While the focus of the Bull Season 5 premiere last week was Dr. Jason Bull finding his place in the world during the coronavirus pandemic, there was a reference to other real-life events. In Bull's dream, he took on the case of a data-collecting company being sued because some of the data provided to landlords turned out to be incorrect. Racial bias and equality played a part in this case, but showrunner Glenn Gordon Caron said he is working on finding a balance between entertaining and "preaching" when it comes to how the series tackles current events.
In a recent exclusive interview with PopCulture.com, Caron said he has "no interest in preaching to people" when it comes to difficult topics. "Those sort of stories are best presented in the way they were presented in the episode," that is weaved into the "fabric" of the story. "You can't win the case of how do we create racial equality in this country, but you can try and present as much of the reality of the way people live and the challenges that they have as part of the fabric of the show," Caron further noted. The show could "maybe wake people up who haven't been as aware of that or as sensitive to that as they might be. That's kind of the way I look at it."
The premiere mostly touched on the coronavirus pandemic, and how Michael Weatherly's Bull could keep the Trial Analysis Corporation (TAC) running. During his dream, Bull worried he would lose his livelihood, especially if he could not see the jury in the courtroom. When he woke up, he learned things would not be quite that bad. He found out that juries will be in courtrooms, just wearing face masks, and people will be testifying in person, just with protective shields around the witness stand.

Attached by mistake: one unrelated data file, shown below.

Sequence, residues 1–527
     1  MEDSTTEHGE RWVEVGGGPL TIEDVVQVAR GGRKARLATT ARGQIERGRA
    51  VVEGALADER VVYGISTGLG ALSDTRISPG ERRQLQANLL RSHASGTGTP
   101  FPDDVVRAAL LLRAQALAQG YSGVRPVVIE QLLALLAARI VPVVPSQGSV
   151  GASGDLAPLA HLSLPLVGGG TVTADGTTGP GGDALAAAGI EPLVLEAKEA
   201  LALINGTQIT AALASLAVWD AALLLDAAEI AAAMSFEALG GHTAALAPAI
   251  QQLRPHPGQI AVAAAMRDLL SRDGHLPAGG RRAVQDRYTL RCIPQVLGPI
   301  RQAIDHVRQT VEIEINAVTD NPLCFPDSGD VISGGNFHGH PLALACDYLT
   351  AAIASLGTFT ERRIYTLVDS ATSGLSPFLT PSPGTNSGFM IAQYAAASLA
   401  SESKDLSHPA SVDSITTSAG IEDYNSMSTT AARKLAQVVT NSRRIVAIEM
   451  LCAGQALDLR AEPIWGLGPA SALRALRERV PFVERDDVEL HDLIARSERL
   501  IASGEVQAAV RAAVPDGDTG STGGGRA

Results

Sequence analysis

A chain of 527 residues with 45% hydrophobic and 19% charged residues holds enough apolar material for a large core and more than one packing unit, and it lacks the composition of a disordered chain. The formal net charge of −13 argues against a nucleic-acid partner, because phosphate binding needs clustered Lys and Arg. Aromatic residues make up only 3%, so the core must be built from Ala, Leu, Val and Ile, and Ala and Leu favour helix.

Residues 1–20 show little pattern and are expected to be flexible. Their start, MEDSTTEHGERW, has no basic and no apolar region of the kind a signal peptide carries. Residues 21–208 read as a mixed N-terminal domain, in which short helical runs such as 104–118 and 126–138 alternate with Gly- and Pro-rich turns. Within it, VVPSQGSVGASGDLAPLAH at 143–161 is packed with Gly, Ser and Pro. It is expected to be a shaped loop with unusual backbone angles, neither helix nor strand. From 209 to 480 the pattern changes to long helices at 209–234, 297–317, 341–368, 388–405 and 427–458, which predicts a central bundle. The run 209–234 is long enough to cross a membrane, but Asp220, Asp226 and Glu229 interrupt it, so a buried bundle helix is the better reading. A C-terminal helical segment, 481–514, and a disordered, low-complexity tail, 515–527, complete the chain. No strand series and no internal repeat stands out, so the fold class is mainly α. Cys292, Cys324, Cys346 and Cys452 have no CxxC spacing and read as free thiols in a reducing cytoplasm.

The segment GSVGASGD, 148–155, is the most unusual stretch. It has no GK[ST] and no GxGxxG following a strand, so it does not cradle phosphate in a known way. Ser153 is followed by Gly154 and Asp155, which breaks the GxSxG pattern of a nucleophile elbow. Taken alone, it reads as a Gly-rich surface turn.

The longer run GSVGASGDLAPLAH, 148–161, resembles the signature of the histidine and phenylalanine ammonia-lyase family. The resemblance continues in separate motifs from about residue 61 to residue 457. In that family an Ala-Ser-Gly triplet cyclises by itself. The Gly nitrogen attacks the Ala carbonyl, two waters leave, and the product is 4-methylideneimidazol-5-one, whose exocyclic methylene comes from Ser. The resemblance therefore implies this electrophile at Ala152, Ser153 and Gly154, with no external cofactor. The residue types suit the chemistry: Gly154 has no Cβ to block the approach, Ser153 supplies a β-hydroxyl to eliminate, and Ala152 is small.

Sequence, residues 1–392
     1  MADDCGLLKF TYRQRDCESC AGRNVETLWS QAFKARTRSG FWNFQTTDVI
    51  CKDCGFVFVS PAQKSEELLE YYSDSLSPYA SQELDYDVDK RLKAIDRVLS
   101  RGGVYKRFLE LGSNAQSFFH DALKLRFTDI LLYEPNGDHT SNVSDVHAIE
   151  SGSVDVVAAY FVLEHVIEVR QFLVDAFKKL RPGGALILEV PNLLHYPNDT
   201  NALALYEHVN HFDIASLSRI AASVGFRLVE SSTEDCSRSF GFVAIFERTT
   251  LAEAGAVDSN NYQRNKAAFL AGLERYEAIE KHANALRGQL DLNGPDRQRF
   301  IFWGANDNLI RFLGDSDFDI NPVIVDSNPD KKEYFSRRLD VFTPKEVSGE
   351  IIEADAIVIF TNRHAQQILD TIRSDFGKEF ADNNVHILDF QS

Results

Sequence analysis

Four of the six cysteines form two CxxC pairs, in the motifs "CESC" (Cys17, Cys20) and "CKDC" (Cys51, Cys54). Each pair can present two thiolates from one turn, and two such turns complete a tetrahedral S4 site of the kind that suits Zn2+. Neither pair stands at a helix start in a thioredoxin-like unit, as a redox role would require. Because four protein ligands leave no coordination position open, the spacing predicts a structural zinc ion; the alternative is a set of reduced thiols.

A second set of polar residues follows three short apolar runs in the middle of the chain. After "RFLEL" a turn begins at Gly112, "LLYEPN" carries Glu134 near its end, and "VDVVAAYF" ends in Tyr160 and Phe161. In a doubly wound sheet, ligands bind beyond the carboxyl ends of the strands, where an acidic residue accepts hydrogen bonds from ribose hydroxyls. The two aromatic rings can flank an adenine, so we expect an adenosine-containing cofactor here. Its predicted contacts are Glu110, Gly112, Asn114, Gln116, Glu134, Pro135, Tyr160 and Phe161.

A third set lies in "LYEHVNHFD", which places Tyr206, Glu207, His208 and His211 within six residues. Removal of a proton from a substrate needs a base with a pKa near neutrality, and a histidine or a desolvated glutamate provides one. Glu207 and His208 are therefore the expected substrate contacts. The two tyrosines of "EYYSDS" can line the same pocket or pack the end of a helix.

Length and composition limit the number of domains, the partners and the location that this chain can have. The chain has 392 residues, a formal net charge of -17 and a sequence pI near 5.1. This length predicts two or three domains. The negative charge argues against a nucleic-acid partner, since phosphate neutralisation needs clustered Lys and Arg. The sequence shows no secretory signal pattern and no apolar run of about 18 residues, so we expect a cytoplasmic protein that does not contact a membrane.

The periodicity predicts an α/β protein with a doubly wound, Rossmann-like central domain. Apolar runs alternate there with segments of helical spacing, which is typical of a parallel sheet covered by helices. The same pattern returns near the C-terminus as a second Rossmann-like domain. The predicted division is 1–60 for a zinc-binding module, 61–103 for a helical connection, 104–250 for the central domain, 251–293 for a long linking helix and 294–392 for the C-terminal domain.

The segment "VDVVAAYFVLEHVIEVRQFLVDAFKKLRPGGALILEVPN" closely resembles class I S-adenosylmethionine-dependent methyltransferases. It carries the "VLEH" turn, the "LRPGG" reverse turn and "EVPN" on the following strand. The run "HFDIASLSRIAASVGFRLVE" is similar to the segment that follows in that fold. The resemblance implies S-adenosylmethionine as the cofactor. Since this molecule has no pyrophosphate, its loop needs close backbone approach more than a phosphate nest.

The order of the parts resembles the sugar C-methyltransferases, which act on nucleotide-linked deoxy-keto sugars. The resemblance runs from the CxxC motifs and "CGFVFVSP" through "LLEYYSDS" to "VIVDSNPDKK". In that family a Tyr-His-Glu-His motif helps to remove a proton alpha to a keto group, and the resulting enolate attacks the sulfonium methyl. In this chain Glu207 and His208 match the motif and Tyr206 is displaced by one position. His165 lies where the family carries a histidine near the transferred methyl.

The dream was not the "literal truth" of the world Bull will face in the rest of the season, Caron noted. "But it does give you a hint of what's going to happen," the Moonlighting creator explained. "And more importantly, I think it gives you a new insight into [Bull] and to the things he values." The show's handling of the pandemic moving forward is "a way for the show to echo, hopefully, a lot of what people have felt at some point during this extraordinary period of our lives that we're going through right now."
The pandemic left Caron wondering if he would be able to tell more stories about Bull in the first place. As the pandemic continued over the summer, "I realized I was starting to think, 'I wonder if this thing that I do, how it's going to survive this,' because in order to make television shows and movies, which is what I do for a living," Caron said, "you bring 200 people together in a closed space and you work 12 or 14 hours a day. So it seemed like, 'Oh my gosh, this may be the end of something. People aren't going to movie theaters, people aren't congregating. How can you make a television show?'" Bull runs 16 episodes this season due to the late start caused by the pandemic. New episodes air Mondays at 10 p.m. ET on CBS.